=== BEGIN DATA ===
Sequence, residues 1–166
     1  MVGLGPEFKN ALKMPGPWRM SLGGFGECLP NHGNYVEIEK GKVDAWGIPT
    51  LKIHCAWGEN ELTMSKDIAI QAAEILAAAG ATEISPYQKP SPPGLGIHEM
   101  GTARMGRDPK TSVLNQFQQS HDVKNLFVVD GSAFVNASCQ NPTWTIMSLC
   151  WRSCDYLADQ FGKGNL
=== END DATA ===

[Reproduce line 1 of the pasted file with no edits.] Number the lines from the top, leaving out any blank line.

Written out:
Sequence, residues 1–166